Chef excluded from al fresco seating plans due to crossing - despite road’s closure
- Credit: Copyright: Archant 2020
A restaurateur has been left bewildered at being given no outdoor seating space due to a zebra crossing – despite cars being banned on the road.
Richard Bainbridge of Benedicts in Norwich’s St Benedicts Street was hoping that he would be assigned some outdoor space to add much-needed covers to his restaurant.
However after it was announced the city centre street would be temporarily pedestrianised, Mr Bainbridge was told he could not have space outside his site due to a zebra crossing. Norfolk County Council, which is in charge of the plans, has confirmed it is “looking at the option” of extending seating closer to the crossing.
The crossing is not directly outside the family-run businesses’ front door, but seating access has still been denied on account of road markings.
The Great British Menu chef said: “We have the zig-zag markings on the road outside our restaurant, but the road is going to be pedestrianised anyway.
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“What’s disappointing is that when we pointed this out the officer making the plans hadn’t even visited the road.
“It’s heart-breaking because this has been the life-long dream for chefs like me, and it’s our blood, sweat and tears that goes into it. Then decisions like this - which could be life or death for our business – are made at the highest level from an office.”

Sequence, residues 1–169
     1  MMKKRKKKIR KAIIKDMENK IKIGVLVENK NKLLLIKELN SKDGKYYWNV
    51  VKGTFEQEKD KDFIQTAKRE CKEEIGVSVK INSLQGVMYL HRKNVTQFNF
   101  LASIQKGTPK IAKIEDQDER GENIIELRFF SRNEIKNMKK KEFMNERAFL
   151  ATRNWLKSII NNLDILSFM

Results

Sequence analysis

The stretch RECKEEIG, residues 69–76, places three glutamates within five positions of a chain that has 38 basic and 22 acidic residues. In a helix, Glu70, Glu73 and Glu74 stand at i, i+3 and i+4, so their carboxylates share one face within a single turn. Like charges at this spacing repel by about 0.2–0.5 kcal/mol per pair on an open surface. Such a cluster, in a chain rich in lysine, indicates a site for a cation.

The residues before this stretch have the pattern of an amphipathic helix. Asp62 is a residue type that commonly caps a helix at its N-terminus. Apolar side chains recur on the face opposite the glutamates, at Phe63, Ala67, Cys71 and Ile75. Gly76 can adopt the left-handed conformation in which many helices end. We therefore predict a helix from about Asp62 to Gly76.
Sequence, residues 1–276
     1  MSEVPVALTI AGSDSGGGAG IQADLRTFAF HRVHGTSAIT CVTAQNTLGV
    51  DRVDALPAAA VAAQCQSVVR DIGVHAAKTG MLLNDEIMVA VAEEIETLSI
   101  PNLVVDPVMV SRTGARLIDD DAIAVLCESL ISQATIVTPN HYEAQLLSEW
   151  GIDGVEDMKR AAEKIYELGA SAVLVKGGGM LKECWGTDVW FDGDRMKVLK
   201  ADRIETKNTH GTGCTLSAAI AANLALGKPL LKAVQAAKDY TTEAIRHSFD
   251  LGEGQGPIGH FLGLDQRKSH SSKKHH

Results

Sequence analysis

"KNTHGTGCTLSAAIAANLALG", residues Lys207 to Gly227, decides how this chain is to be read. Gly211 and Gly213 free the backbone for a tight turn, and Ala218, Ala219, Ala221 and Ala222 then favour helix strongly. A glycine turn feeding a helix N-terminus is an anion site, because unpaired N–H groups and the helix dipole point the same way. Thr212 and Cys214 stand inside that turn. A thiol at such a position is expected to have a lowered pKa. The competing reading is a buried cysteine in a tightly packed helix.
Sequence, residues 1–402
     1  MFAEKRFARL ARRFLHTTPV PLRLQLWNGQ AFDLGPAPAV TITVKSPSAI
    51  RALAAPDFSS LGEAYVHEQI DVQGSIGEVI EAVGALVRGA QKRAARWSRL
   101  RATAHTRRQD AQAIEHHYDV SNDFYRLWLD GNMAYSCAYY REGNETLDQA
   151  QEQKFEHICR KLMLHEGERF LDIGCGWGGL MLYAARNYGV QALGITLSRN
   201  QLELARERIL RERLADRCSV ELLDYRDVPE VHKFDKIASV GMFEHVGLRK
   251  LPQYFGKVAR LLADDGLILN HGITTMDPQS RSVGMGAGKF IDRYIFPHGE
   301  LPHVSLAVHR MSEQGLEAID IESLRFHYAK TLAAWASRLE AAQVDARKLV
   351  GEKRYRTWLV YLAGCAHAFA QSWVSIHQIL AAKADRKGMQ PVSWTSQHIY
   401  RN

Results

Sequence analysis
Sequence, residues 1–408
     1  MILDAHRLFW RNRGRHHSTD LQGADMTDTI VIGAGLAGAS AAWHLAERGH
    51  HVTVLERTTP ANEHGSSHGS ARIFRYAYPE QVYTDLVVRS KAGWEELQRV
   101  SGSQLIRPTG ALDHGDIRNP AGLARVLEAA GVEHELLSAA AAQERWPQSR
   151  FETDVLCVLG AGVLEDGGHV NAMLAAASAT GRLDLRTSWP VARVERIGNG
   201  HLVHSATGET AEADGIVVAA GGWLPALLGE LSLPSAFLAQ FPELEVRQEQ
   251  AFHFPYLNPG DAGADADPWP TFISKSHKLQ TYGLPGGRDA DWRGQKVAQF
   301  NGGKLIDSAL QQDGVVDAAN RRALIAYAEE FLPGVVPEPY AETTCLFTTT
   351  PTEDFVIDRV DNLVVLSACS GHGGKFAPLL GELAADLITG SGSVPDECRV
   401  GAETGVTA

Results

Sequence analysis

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Due to the potential loss of customers to other businesses, Mr Bainbridge has said he may delay reopening the venue until September.
Mr Bainbridge added: “It’s not a level playing field because if I was a customer I’d want to sit outside with a beer, not indoors in a restaurant – and that’s me saying it as the owner.
“I’m really happy for the other businesses who have got outdoor seating space – we’re all in this together. But if the council says it’s on our side then it actually needs to be.”
A spokesperson for Norfolk County Council said: “We consulted widely on the proposed temporary changes which received overwhelming public support. In our careful consideration of the responses received we need to balance the needs of all businesses, residents and the wider public.” The spokesman insisted that officers have visited the street, and will review whether the crossing is required in due course.